What is the heart of a story, though?
The heart of a story is the greatest foundation you’ll have in writing. It provides strength. Without it, your story will meander and struggle to find its way. Think of it like a map that can be used to find your way home whenever you feel lost.
It may be strong, but the heart of a story won’t thrive on its own. It needs you to nurture it. To nurture it, you need to know what it is; focus on what you’re trying to create; realize how to protect it; and give it room to breathe.
A grand task, to be sure, and I know you’re up for it!
What is the heart of the story?
To unearth the heart of a story you’re writing, you need to take a good look at what you already know.
If you can remember, start at the very beginning: what was it that inspired you to write this story in the first place? Was it an article in the local newspaper? Was it a historical figure? Was it a quote? Was it a classic novel? What was it about this nugget of inspiration that lured you in?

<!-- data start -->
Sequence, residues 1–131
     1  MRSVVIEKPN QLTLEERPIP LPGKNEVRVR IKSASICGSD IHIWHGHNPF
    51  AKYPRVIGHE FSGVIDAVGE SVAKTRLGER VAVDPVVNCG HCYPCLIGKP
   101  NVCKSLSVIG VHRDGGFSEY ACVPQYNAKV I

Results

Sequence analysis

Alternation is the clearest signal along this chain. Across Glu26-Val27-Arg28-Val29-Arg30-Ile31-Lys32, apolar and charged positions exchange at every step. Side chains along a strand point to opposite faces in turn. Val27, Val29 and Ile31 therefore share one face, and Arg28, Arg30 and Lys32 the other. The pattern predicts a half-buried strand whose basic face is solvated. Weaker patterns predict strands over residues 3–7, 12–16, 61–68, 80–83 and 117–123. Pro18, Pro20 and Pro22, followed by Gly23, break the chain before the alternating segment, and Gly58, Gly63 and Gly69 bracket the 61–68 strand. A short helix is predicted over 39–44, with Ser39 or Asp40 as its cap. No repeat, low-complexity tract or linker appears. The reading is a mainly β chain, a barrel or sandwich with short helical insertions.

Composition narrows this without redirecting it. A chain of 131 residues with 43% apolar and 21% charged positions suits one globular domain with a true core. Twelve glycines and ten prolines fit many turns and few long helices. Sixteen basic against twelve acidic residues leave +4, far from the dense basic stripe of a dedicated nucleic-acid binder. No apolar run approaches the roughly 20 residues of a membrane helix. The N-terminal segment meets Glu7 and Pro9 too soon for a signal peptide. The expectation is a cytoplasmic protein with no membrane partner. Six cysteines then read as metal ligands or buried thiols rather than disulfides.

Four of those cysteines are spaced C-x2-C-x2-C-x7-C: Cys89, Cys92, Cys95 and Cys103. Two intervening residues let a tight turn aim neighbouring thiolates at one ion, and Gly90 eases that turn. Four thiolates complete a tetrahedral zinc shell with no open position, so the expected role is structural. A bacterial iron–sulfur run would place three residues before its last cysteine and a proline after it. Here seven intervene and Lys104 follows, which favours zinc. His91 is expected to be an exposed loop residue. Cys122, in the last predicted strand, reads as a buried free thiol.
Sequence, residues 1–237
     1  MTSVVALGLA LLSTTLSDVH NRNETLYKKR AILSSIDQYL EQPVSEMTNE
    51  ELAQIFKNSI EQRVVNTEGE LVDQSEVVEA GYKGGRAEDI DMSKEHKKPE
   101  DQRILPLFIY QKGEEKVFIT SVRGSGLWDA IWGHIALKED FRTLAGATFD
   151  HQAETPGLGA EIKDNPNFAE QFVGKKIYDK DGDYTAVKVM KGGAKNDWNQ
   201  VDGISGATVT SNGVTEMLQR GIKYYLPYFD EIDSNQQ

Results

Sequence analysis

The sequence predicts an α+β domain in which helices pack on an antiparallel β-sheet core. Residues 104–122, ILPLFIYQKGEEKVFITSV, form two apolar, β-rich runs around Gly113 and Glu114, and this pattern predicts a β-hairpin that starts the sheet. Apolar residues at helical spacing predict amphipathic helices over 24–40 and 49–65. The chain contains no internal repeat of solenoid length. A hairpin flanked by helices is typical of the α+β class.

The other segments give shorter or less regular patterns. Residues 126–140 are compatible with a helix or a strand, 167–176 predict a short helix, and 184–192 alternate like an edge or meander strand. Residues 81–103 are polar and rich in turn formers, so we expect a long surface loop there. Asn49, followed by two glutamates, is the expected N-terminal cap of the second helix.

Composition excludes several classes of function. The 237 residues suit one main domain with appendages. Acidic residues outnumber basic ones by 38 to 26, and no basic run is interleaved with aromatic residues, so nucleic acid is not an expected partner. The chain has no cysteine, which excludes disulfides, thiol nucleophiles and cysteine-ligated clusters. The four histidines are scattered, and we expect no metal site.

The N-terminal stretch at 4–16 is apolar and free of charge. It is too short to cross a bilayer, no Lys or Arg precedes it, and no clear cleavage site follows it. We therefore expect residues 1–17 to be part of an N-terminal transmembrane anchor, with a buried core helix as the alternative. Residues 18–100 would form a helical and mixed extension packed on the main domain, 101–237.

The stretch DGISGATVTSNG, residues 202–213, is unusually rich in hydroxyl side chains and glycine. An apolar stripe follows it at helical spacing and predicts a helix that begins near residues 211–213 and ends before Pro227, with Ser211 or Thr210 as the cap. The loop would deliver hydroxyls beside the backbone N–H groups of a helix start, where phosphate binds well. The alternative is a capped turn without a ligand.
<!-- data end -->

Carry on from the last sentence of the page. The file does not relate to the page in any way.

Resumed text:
Assuming your story hasn’t strayed too far from the original inspiration, this could be exactly where you find the heart of your story. I just finished reading a contemporary retelling of Jane Austen’s Sense and Sensibility, a book called Jane of Austin by Hillary Manton Lodge (who has one of the best author websites I’ve seen). From a reader’s perspective, I would say the heart of Jane of Austin is the bond between the three sisters and how they’re navigating major upheaval in their lives, just like in Sense and Sensibility.
If you can’t recall the genesis of your story or it’s wandered far afield, the heart of it may lie elsewhere. Look to your main characters, setting, plot, and theme.
What does everything in the story revolve around?
What matters the most?
Is the story essentially a love note to Paris? Does the story revolve around the main character’s love of weaving, both the actual craft and a metaphorical weaving of connections between people?
The heart of a story could be a few things, not just one, but it will be more potent the more you narrow it down. Think of an onion: the papery outer layer is okay for broth, but you’re not about to stir-fry it. The stiff-and-slimy layer that comes next can be edible, but it’s still not the best of the best. Keep peeling back layers, and you’ll get to the heart of the onion, where it’s sweetest and smoothest.
If you’re really struggling to narrow down the heart of your story to just one thing, try taking each aspect of story craft (characters, setting, theme, and so on) and figure out the heart of each aspect.
Who or what most represents the heart of your story in each of these areas?